The maximum weight for this bed is 120kg, but quite honestly it made some strange creaking sounds with our 35kg son moving around in it, so I probably would not want to sleep on the couch below with a 90kg adult in the drop-down bed above me...

    Very surprising and very annoying was the lack of a mini bar in the cabin. This is a feature that - especially for water and the odd beer in the evening - is really convenient. I have no idea if it is Aida standard not to have a mini bar in the cabins or if it is just the AIDAprima. Especially finding a place that sells water by the bottle wasn‘t that easy (hint: the Traveller‘s Store has water in stock).

    Another annoyance was an odd locked, but quite obviously empty plastic container under the bed. We never figured out what this was for (we weren‘t given a key to it, otherwise we could have used it for somewhat safe storage), but it took up a good chunk of below-bed real estate, so if you travel with four full-size suitcases, you‘re pretty much up the creek.

    There is a large, flat-screen TV (around 40“ diagonally) in the Cabin with plenty of programming - most of it German language channels. The picture quality could be better, especially because the screen (an LG) likely does at least HD, but it was ok. We were happy to be able to see two of the more important Women‘s Soccer World Championship games on it. One of these was also being shown at the Brauhaus, but there is only one large screen there that is only properly viewable from the center seating.

    The quick answer is: food on this ship is fantastic. There is variety for every taste (though, as I picked up from a conversation between a guest and a restaurant manager that wasn‘t to be overheard, you may run into a snag if your are -sensitive).

    There are multiple restaurants that are included in your fare (though some require a reservation to be made), including a Tim Maelzer steakhouse (incredible quality!), an Asian restaurant that lets you pick your ingredients to be stir-fried, a Spanish Tapas bar, etc.
    There are two classic buffet restaurants, and even though they tend to have much less the „chow hall“ atmosphere that you find on other cruise ships, they tend to be extremely busy at peak times. Think „no place to sit“ and „step on other people‘s feet trying to get food“. These types of restaurant seem to be too small on every cruise ship we‘ve been on, and the AIDAprima isn‘t any different, unfortunately. The variety of food and drinks in these restaurants is extremely good, though. In my opinion and experience, only Celebrity reached this level of excellence (our last cruise with Celebrity was 8 years ago).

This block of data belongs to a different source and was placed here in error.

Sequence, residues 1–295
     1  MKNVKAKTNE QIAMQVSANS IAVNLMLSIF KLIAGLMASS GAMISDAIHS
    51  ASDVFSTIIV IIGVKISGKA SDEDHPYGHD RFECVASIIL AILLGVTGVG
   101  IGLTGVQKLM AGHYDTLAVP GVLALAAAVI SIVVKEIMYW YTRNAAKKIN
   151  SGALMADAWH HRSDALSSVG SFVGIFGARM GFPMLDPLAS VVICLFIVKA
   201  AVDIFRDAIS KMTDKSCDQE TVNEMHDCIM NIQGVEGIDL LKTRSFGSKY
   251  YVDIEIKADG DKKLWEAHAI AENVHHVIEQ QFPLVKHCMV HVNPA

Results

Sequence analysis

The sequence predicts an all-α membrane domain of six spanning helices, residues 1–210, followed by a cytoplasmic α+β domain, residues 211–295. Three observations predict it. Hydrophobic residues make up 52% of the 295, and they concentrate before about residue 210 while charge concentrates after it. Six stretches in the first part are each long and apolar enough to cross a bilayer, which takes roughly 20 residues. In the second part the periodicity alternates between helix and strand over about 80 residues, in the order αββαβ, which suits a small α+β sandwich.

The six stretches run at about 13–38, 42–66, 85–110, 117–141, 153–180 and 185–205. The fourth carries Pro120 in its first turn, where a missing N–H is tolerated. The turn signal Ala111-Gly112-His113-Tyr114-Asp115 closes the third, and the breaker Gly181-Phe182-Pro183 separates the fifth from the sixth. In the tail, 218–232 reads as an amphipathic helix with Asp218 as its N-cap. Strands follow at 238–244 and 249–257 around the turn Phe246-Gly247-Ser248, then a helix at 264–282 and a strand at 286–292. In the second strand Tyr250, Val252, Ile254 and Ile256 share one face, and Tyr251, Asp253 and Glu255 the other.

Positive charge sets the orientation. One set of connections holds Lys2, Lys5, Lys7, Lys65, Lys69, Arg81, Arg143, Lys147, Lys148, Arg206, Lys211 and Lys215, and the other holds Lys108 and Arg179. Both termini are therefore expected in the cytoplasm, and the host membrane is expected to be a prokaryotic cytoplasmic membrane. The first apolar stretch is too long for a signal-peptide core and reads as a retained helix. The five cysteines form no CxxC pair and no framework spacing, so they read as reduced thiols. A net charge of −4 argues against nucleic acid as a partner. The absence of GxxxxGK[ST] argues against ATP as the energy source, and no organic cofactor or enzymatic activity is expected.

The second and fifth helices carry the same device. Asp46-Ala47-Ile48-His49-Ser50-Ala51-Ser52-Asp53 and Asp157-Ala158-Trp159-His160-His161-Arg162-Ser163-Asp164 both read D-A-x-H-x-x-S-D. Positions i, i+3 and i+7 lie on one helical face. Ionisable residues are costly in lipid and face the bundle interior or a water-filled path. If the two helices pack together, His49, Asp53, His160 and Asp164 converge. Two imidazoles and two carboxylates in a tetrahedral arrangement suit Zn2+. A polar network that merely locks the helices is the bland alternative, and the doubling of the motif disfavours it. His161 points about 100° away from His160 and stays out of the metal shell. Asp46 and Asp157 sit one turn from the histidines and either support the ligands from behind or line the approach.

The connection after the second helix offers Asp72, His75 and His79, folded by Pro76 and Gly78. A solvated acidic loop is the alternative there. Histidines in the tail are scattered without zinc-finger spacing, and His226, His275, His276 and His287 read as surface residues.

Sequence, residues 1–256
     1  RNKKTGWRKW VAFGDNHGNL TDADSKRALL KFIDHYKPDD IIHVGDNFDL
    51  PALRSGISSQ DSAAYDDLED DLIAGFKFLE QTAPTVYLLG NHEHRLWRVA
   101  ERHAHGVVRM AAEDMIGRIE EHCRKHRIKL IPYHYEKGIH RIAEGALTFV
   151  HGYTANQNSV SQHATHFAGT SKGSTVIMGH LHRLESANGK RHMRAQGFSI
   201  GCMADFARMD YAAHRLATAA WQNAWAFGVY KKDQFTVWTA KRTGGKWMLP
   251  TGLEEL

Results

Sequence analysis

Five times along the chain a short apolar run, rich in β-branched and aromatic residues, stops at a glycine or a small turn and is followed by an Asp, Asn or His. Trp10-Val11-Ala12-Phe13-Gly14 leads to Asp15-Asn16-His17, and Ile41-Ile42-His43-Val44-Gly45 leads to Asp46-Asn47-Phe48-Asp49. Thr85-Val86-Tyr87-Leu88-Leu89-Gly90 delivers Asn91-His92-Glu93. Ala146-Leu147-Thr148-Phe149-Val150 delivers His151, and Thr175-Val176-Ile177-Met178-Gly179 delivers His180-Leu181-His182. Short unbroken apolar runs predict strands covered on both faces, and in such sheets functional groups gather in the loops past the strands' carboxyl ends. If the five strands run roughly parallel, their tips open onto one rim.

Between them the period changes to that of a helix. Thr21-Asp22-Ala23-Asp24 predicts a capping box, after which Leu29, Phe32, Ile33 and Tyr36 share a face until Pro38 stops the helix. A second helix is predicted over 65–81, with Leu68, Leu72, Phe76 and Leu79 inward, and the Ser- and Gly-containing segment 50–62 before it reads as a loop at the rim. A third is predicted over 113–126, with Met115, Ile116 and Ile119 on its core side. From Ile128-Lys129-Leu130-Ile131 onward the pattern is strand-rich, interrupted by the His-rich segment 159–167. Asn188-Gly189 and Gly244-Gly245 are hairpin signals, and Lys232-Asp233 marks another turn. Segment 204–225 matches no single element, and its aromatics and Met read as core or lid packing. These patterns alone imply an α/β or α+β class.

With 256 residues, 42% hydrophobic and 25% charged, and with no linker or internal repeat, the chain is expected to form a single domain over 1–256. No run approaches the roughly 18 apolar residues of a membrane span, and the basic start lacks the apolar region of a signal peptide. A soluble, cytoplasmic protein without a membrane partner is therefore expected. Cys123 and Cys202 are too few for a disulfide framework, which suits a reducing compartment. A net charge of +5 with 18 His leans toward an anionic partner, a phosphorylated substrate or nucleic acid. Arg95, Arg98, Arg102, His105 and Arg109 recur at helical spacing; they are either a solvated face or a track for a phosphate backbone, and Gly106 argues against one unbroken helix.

In comparison to the other cruise lines we‘ve been on (Celebrity, Norwegian, Costa and MSC), the AIDAprima does not have a served-at-an-assigned-table restaurant. Instead, you can (or have to, depending on the restaurant) reserve tables at one of the specialty restaurants instead of going to the buffets.

    Where the AIDAprima is lacking, however, is in service quality. While personnel is very friendly in the restaurants, etc., I find it astounding that on a ship where more than 90% of guests are German nationals (some of which don‘t speak English well or even at all), there would be personnel that is in contact with guests (restaurants, bars, etc.) that obviously don‘t speak German at all or so poorly that it is difficult to get your point across. I ended up just speaking English with them most of the time, which worked fine. Most of the personnel is - as with all cruise ships we‘ve been on - from the Philippines or nearby Asian countries.

    Also, their training of what their restaurant offers doesn‘t seem to be on a level that I would expect on an Aida ship. Example: we ordered starters and main courses in the „Brauhaus“ brewery restaurant. All the food came at once, so that I alternated between my soup starter and Schnitzel main course to at least get some of both down in a hot condition. Mind you, the starters we ordered were clearly marked as such on the menu.

    I also found it quite annoying that food being served would start to be taken away 15 minutes before the official closing time of the restaurant.

    The AIDAprima has an „open pit“ theatre, something we’ve not seen on any cruise ship we‘ve been on, as these usually have their theatre in the bow and laid out to be closed off completely. I‘m not sure what the ship‘s architect had in mind with this very open construction (you can walk by the „pit“ on all three levels on both sides of the ship). On the one hand, I would think that people meandering around on three levels on both sides would irritate the artists considerably (but perhaps you get used to it). On the other, the considerable volume generated during (infrequent!) shows is probably quite irritating in adjoining shops, restaurants, bars and the casino, the latter of which is openly connected to the theatre.

    What is a bit of a shame is that the AIDAprima doesn‘t offer the typical daily show program that you find on other ships. Rather, the theatre is used for occasional music and dance / acrobatics shows that are not nearly on-par with what we’ve seen on other ships, as well as movie theatre and informational events.

    They do have a small theatre/nightclub called Nightfly that features late-night, more adult-oriented shows (nothing like Las Vegas, but likely inappropriate to teens under 16). You have to reserve your seats between 19:00-20:00h at the theatre entrance. The show costs €10 per person, but includes a glass of bubbly.